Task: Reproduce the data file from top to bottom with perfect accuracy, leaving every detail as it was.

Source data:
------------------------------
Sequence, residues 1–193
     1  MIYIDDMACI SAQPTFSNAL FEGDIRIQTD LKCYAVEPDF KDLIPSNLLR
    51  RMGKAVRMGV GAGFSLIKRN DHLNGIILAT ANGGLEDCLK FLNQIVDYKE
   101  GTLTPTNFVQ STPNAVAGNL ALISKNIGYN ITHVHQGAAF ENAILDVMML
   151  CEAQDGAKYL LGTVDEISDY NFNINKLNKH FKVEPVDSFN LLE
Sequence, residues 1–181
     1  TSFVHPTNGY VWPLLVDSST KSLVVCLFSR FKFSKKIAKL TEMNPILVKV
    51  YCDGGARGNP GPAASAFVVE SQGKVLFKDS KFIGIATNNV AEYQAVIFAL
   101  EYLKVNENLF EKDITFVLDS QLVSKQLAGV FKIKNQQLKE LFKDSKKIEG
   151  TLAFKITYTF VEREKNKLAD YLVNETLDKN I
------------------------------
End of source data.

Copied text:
Sequence, residues 1–193
     1  MIYIDDMACI SAQPTFSNAL FEGDIRIQTD LKCYAVEPDF KDLIPSNLLR
    51  RMGKAVRMGV GAGFSLIKRN DHLNGIILAT ANGGLEDCLK FLNQIVDYKE
   101  GTLTPTNFVQ STPNAVAGNL ALISKNIGYN ITHVHQGAAF ENAILDVMML
   151  CEAQDGAKYL LGTVDEISDY NFNINKLNKH FKVEPVDSFN LLE
Sequence, residues 1–181
     1  TSFVHPTNGY VWPLLVDSST KSLVVCLFSR FKFSKKIAKL TEMNPILVKV
    51  YCDGGARGNP GPAASAFVVE SQGKVLFKDS KFIGIATNNV AEYQAVIFAL
   101  EYLKVNENLF EKDITFVLDS QLVSKQLAGV FKIKNQQLKE LFKDSKKIEG
   151  TLAFKITYTF VEREKNKLAD YLVNETLDKN I